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Bringing Christmas alive - 293 years later

By Judith Pannebaker BCC Editor

"T'was the night before Christmas, when all through the library, not a creature was ..."
Who would have thought a poem written in 1822 as a holiday gift to a beloved daughter would still be considered a Christmas classic 293 years later.
During the fall of 1822, Dr. Clement Clarke Moore responded to a request from his daughter, Charity, for a Christmas story. Because she suffered from tuberculosis, the child found playing with toys too tiring. For months, Moore pondered over the precise words and images for this most important request.
A "'courser' of eight tiny reindeer" emerged after Moore hitched up a team of his own horses. After all, horses cannot easily travel over snow. Rising up a chimney after "laying his finger aside of his nose" stemmed from a Dutch belief that that gesture would deliver one magically through a keyhole or down a chimney.
Moore took his reindeer's names from the goats of Sinter Klaas, who each year delivers oranges to good Dutch children.
Recalling an employee of his father in Manhattan, Moore created an image of Santa Claus as "chubby and plump, a right jolly old elf" who "smoked a stub of a pipe." Pulling a sleigh through the snow, that employee, Jan Duyckinck, also delivered wood to poor children to help them stay warm.
Children often found sugar plums - aka prunes - in their stockings as a special treat, giving rise to "The children were nestled all snug in their beds while visions of sugar plums danced in their heads."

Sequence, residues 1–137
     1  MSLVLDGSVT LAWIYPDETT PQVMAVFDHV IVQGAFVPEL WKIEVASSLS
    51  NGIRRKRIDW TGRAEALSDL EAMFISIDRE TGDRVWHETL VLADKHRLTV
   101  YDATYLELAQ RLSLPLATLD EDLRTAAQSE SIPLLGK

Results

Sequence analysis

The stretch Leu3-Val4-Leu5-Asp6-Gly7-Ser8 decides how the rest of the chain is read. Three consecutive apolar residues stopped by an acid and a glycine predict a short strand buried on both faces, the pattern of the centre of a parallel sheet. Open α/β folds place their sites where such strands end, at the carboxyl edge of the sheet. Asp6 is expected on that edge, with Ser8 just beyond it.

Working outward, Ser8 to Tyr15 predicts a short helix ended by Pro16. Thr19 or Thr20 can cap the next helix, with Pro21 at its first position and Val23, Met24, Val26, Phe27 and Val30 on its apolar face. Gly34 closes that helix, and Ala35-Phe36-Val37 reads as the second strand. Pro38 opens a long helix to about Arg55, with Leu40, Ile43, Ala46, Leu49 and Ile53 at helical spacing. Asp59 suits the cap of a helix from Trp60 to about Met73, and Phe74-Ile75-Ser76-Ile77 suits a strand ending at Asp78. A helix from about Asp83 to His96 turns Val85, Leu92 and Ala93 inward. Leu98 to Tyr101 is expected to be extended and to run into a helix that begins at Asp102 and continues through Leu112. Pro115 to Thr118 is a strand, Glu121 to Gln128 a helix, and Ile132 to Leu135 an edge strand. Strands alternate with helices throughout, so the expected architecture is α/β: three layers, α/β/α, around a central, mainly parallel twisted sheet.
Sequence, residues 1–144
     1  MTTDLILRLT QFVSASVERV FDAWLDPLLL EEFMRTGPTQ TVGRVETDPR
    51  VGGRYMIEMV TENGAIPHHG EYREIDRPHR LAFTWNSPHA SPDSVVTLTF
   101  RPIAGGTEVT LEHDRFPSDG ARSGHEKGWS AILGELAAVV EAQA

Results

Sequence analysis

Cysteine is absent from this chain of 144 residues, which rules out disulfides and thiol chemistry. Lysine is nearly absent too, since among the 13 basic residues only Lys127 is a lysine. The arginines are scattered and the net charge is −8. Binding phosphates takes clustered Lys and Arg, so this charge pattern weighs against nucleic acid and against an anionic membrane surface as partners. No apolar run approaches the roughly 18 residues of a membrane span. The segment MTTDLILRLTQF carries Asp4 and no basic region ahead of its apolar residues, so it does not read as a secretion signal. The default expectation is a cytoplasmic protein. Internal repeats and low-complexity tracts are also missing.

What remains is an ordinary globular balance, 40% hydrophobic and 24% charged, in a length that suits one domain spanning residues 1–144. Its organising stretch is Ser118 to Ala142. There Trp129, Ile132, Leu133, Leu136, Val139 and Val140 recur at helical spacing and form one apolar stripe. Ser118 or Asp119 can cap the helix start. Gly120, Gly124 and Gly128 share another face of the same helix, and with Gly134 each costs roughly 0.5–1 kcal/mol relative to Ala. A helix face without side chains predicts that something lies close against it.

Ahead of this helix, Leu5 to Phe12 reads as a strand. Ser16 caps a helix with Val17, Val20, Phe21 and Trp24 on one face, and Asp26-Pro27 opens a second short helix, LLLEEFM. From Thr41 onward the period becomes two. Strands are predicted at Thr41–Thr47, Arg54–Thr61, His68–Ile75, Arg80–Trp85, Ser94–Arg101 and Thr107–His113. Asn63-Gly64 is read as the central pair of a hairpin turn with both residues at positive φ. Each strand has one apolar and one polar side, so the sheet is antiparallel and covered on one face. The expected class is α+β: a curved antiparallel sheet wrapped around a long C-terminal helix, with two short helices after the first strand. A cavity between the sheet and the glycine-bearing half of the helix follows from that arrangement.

Although Moore never intended to publish his poem, a friend sent it to the New York Times and his Christmas treat was published on Dec. 23, 1823.
And now, that magical epic poem of Christmas comes to Bandera.
Jon Kindred, master storyteller and consummate performer, will visit the Bandera County Public Library at 10 am, Saturday, Dec. 19, to present Clement Clark Moore's poem, "A Visit from St. Nicholas." The poem, however, is often better known by its first line "T'was the Night before Christmas ..."
Kindred will keep little ones spellbound with his rendition of what some describe as the best-known verse in the English language. Its playful meter and jolly action forever changed how the nation celebrated the Christmas holiday - and gave rise to America's popular vision of Santa Claus.
Kindred will also offer an animated reading of the Dr. Seuss favorite, "How the Grinch Stole Christmas," along with a bit of Dickens and perhaps some verses by James Whitcomb Riley.
Kindred returns to the library at 10 am, Tuesday, Dec. 22, and again reads an assortment of Christmas stories guaranteed to put even Ebenezer Scrooge into the Christmas spirit.
Mark calendars for both presentations while everyone awaits "The night before Christmas."
In the tradition of the season, Charity adored her father's "perfect poem" and soon recovered from tuberculosis.
(Source: "Charity's Gift" by Jane Eppinga, as published in the 2001 "Chicken Soup for the Soul Christmas Treasury."